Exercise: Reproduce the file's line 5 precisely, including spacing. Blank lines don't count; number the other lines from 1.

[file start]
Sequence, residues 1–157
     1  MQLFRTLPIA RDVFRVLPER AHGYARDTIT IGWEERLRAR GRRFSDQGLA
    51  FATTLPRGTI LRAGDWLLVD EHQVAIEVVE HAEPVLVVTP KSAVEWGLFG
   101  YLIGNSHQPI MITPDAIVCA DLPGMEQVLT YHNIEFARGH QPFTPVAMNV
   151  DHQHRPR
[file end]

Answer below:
   151  DHQHRPR